Growing out of Andrew McLeod’s prior business (revolutionizing payments for property management companies), Certn offered a simple concept: enabling financial inclusion for people who lack excellent credit. Where landlords and lenders typically use credit reports to assess an applicant’s credibility, McLeod recognized that many people were denied access on the basis of this one-dimensional measure.
Certn enables financial institutions and landlords to see beyond the credit report. “We built a platform that encompasses not just your credit but your social and behavioural profiles,” says McLeod.
Using machine learning, Certn scans criminal and court records from 240 countries in 77 languages, and allows applicants to enhance their applications by connecting to their social media profiles. “We help show the best parts of your character when you’re applying for necessities like a mortgage or a line of credit or, most commonly, a place to live.”
The system works for employment verification too (excluding credit data). Certn takes a one-dimensional resumé and gives it depth by matching the applicant’s public profiles with behavioural characteristics gleaned from IBM data and from university research studies.
“We have a pilot coming out with one of Canada’s largest corporations,” says McLeod, “and a number of HR companies are starting to use Certn.”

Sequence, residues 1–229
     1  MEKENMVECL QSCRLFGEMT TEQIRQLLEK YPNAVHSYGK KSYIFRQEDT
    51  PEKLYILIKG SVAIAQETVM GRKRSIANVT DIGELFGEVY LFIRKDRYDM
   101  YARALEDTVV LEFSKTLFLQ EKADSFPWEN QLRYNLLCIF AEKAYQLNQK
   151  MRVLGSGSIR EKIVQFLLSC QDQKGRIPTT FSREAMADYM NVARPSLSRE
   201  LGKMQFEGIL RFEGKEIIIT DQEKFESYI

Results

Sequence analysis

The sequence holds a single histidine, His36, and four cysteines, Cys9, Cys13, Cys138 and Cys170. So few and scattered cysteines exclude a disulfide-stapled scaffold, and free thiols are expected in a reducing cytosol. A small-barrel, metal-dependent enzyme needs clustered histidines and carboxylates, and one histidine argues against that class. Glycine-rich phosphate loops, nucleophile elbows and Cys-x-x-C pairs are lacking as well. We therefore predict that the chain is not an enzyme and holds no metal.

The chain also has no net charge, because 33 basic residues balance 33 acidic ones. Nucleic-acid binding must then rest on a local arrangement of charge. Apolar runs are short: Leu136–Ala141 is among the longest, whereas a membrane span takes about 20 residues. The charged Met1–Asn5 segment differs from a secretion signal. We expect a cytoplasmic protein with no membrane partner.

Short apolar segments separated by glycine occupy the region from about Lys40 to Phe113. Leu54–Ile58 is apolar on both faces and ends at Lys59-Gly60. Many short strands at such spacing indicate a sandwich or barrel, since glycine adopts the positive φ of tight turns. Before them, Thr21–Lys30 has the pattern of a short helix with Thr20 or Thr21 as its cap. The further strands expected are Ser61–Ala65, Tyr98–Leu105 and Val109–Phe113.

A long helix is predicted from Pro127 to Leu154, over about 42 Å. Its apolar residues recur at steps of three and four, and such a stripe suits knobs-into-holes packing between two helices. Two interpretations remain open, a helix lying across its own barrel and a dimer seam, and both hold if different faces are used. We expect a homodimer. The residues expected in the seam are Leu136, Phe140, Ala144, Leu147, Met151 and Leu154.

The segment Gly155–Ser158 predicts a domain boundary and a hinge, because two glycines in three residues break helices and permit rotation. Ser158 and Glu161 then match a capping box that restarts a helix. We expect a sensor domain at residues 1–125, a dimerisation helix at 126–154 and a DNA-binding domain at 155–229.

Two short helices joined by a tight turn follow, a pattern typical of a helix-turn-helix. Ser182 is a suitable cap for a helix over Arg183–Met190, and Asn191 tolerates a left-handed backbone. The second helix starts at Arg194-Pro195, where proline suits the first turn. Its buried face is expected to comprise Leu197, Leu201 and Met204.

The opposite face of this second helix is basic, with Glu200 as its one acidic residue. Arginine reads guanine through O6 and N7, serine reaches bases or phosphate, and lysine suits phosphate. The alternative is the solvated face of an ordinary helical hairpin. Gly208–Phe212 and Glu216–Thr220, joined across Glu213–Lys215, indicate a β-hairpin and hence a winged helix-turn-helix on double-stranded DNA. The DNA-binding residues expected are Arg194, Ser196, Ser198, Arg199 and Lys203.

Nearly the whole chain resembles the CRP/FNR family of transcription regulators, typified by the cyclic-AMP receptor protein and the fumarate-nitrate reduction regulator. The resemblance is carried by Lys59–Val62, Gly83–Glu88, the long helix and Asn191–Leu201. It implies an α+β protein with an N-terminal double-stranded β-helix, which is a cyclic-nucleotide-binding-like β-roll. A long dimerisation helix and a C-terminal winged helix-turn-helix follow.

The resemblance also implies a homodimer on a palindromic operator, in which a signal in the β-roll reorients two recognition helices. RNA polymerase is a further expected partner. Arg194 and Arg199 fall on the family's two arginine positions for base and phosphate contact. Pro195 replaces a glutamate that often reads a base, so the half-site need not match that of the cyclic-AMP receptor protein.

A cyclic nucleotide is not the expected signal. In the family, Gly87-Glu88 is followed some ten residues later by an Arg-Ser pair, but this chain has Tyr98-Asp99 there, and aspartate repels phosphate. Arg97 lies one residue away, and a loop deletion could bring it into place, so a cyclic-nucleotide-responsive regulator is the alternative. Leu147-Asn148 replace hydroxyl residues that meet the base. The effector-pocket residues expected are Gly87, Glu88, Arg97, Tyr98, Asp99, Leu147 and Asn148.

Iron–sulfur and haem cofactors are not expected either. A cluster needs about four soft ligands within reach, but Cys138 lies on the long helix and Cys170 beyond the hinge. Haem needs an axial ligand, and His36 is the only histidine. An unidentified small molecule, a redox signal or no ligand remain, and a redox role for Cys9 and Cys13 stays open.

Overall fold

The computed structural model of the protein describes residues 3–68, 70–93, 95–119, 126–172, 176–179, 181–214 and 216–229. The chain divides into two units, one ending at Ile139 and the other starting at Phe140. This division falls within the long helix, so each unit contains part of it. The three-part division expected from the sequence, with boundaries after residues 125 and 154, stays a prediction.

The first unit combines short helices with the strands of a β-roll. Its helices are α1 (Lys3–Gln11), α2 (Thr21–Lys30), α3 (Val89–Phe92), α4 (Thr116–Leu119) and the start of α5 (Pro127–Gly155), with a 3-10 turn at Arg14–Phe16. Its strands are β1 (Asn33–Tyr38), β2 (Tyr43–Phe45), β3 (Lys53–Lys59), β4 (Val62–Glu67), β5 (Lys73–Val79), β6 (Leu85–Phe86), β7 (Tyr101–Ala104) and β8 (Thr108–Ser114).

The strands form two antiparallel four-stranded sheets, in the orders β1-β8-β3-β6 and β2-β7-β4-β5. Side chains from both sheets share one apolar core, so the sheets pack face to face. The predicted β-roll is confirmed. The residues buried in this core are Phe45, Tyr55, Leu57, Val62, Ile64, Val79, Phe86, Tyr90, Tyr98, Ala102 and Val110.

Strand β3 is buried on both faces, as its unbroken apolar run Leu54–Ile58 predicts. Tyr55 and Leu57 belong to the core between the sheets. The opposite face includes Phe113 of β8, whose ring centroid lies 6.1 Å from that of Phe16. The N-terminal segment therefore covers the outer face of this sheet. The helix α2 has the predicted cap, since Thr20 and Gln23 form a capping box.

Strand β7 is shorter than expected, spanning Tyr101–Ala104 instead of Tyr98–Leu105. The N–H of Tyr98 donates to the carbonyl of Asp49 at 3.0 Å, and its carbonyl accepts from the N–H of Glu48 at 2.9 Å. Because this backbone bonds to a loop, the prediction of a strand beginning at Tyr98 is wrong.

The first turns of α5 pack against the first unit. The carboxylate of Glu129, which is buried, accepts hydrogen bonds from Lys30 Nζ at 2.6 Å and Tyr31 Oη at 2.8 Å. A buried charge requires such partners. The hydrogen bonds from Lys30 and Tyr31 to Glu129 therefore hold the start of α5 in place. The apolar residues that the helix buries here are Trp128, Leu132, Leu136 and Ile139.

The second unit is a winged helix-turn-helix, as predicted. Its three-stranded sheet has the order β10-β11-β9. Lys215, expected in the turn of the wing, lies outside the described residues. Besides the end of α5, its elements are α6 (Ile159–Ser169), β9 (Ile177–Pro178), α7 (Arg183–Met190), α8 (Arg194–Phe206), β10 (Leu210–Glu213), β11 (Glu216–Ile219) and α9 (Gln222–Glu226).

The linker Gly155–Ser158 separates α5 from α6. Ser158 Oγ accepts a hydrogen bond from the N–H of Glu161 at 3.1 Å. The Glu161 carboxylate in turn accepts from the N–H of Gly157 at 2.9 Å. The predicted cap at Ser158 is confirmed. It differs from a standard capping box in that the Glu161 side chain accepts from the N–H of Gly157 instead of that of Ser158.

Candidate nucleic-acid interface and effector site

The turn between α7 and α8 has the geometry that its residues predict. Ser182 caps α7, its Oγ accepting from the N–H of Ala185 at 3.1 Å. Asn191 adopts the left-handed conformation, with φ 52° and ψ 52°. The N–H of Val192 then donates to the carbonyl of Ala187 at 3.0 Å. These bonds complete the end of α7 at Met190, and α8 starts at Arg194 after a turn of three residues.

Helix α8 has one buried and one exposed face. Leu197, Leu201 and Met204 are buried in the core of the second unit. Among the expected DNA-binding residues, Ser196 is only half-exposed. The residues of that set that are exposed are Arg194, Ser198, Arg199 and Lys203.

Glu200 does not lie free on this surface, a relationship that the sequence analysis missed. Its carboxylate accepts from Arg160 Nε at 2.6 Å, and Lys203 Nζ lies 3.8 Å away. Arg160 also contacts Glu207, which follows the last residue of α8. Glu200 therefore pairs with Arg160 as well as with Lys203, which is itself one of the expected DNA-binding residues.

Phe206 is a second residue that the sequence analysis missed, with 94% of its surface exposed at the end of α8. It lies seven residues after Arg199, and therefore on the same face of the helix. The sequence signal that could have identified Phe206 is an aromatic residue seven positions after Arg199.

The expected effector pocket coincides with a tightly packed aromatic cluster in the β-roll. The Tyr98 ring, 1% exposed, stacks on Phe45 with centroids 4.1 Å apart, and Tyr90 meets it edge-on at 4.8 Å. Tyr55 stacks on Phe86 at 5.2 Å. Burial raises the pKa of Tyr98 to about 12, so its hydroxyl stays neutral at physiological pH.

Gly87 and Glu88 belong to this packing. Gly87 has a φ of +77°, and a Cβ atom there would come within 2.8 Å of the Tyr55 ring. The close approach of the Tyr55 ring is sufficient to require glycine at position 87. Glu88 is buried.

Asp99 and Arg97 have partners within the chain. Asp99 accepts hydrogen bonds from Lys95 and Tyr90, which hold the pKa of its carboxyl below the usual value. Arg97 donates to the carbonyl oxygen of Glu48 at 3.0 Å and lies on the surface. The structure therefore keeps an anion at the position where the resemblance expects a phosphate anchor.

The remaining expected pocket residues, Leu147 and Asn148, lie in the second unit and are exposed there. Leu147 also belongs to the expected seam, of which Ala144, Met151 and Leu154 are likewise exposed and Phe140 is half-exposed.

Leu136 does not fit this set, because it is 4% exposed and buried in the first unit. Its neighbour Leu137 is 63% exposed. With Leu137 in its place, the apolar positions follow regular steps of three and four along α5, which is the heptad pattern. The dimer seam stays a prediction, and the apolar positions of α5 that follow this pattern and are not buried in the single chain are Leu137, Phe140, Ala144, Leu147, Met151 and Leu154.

Q&A With Andrew McLeod of Certn
What was your biggest challenge?
Prior to coming to Victoria, it was finding good talent — people that had education and experience in data science and machine learning. Thanks to Alacrity and Owen [Matthews] and Rich [Egli], we were connected to three guys, who are now our business partners, who had exactly the experience we were looking for. They liked the idea. To do that in Vancouver, where we were before, would be, like, $240,000 a year times three.
What advice would you give to someone who’s just starting out?
Just go for it. Build an MVP (minimum viable product) or a pitch deck and try to sell what you have … If you can find a customer before you build a product, that’s the best way — then you have access to funding and it also helps to bring talent. [And] practice your pitch. Your first employees aren’t making market wages so they have to believe in the idea and they have to believe in you. If you can’t pitch that, it can be really challenging. It doesn’t matter if you’re opening a bakery or starting the most high-tech company in the world — if you can’t sell why you’re better or sell your value proposition over everybody else’s, it’s hard to find people to support you.
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This article is from the April/May 2018 issue of Douglas.